“But we have to make him a shroud beforehand, we can’t bury papa like that!” And I said over and over, whispering plaintively and striking my forehead slowly against the window frame: “A shroud, a shroud . . .”

Then I went to the door. My brother asked where I was going.

“To the woodshed.”

He didn’t understand. Look for a shroud in the woodshed?

“I want to see how we’re fixed for planks. You,” I added, “go and write down what’s just happened.”

Immediately, the moans and groans of a spoiled brat.

“You’re supposed to be the secretarious today!”

“I couldn’t come up with the words.”

“Words, words! What words!”

Now look, I’d be ready to set fire to the curtains if words ever failed me, but I was pretending not to care in order to force brother to assume, even slightly, the role of scribbler. But brother is a hypocrite or I don’t know anything. To cut short the discussion I grabbed the nail jar with mulish determination, my teeth clenched and my brow furrowed, which must surely have reminded him of father, and that made an impression, I believe.

I trotted down the front steps, careful not to set my heels on the rottenest ones, and headed for the woodshed, as promised. The earth was damp, with a smell of mud and roots that stayed in the head the way bad dreams do when I have them. Vapour came out of my mouth, just like that, as if it had nothing to do with me. The countryside was endless and grey and the pine grove that blocked the horizon was the colour of the boiled spinach that was father’s usual breakfast. The village was on the other side, apparently, as were the seven seas and the wonders of the world.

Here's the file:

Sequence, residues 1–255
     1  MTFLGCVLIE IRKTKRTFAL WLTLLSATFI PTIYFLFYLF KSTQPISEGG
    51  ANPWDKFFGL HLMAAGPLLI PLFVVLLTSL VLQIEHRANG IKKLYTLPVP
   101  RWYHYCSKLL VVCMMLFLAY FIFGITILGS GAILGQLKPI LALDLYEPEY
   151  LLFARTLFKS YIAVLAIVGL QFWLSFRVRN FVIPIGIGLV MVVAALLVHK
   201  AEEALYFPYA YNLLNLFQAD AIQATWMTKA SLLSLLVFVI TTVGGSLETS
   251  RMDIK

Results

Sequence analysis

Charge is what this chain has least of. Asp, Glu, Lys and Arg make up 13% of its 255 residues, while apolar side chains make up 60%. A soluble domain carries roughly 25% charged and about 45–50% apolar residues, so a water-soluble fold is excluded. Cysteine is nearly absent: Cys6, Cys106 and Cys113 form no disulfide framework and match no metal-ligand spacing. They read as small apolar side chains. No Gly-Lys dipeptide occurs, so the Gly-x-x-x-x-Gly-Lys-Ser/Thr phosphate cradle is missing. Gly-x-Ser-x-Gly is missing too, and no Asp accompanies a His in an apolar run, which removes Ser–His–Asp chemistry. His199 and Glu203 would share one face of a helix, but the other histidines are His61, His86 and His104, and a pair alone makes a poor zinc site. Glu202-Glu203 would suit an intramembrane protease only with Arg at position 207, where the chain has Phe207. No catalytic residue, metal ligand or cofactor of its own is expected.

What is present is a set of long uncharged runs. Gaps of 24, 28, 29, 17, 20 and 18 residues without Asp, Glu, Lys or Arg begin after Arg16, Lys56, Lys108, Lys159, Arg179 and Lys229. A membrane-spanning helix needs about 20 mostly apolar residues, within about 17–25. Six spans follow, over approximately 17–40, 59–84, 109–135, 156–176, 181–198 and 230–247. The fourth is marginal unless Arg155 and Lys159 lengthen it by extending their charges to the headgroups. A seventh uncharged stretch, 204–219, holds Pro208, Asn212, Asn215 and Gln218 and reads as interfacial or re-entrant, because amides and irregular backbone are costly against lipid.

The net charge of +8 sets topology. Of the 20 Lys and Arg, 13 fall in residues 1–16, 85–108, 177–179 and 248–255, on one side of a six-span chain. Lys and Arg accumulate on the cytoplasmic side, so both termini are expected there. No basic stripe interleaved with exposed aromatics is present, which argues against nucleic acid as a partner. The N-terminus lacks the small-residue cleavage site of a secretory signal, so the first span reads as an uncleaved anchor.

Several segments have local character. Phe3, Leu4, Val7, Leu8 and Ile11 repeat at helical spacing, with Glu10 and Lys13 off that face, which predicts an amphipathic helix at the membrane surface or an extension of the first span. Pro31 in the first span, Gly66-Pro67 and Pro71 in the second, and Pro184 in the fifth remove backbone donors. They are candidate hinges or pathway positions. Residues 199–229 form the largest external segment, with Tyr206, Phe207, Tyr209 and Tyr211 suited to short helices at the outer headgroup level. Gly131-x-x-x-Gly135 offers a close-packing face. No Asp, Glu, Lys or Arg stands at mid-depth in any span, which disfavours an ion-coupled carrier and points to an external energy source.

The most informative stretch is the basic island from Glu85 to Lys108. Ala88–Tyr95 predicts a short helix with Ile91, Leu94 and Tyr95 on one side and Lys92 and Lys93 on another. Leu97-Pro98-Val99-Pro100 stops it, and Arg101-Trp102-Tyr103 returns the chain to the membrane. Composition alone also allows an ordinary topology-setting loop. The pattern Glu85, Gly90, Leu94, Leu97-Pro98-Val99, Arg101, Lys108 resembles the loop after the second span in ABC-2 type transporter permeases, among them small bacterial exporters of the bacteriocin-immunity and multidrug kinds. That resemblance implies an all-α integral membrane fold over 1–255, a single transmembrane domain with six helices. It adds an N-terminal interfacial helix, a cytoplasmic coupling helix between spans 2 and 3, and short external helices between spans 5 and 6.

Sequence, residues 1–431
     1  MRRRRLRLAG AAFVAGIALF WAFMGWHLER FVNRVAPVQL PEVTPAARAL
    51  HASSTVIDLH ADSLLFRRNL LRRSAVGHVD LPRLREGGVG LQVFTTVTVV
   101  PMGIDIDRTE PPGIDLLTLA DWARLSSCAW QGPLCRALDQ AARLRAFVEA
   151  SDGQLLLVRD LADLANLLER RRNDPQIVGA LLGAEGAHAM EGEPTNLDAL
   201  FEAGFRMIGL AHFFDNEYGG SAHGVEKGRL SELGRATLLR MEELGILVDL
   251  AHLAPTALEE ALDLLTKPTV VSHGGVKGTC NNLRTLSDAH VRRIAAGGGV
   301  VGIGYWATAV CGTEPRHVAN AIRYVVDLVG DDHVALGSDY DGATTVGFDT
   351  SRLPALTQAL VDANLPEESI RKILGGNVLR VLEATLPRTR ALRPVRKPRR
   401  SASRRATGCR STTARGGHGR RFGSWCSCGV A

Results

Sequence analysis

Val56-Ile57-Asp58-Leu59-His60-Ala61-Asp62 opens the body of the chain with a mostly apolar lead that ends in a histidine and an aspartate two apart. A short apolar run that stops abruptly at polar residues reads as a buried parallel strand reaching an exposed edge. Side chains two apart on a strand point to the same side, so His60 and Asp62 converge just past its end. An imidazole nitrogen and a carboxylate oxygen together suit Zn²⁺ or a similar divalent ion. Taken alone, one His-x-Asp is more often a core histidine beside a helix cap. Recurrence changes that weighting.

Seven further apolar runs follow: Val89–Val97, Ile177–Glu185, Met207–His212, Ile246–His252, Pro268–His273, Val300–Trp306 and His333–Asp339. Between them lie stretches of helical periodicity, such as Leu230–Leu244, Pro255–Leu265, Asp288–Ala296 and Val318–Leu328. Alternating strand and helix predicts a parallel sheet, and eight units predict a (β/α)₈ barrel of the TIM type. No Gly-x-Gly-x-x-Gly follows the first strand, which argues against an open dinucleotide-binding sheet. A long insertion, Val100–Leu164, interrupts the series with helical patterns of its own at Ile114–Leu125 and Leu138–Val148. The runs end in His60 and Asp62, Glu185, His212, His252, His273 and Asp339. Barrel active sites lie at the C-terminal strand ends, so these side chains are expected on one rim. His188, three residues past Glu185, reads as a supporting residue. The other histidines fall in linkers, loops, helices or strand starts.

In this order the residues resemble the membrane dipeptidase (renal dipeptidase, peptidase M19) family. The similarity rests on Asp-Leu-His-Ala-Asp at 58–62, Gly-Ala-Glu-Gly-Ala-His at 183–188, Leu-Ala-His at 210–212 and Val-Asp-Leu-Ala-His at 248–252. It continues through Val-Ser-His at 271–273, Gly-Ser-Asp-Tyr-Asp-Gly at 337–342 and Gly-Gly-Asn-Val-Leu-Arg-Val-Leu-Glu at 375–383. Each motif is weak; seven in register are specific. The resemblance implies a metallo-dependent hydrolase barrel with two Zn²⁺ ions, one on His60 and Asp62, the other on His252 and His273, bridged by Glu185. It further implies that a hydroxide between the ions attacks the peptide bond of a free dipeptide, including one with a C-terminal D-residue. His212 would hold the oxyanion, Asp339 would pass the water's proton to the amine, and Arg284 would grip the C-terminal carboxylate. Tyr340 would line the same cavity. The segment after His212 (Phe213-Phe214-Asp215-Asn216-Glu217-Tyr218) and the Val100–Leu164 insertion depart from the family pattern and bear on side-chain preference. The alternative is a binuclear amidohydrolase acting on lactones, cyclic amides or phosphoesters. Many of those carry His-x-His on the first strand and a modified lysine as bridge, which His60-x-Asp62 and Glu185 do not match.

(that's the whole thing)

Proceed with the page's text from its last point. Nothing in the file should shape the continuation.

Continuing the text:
I stopped just next to horse. He too was motionless, watching me. He was so old, so tired, that his round eyes weren’t even the same brown colour any more. I don’t know whether, elsewhere on earth, there are horses with eyes as blue as those of the valiant knights whose pictures adorn my favourite dictionaries but, well, we’re not put here on this earth to get answers, or so it seems. I went closer and put a whack on his nose in memory of father. The animal recoiled, then lowered his huge face. Again I went closer, I patted his rump, I’m not vindictive. Besides, papa and all that, it wasn’t his fault, after all. Perhaps I wrote the word animal somewhat rashly, too.

The rust-coloured gum on the woodshed floor was a result of the sawdust and the rain that wells up from the ground and will never end. I hated stepping in it with my boots; it felt as if the earth were clinging to me, sucking me down towards its belly, which is actually a mouth like that of an octopus, and it sucks you in too, like music. It had been a short while, let’s say a few days, since I’d been here. A crust of droppings covered the reaper, scrap iron littered the ground all entangled, the plough no longer knew what the hind end of an ox looked like. As for the Fair Punishment, it was in its corner, gathered into its little heap. It hadn’t changed much in recent years, and we moved it around very cautiously, trembling when we took it out of its box. It was as if it had attained its maximum degree of distraughtness, and what was left of it wouldn’t dilapidate any more, word of honour, it wouldn’t move from here for all eternity. Sometimes I would hold it in my arms for days at a time before I put it away. It’s quite something, the Fair Punishment, it will surprise the world one day. Inside there was also the glass box, which I’ll talk about again in the proper place at the proper time, we can’t avoid it. I said here because it’s the woodshed, also known as the vault, where I’ve hidden away to flee the disaster and to write my last will and testament, which you are reading now. I’ll be found when I’m found. Unless I run away somewhere else.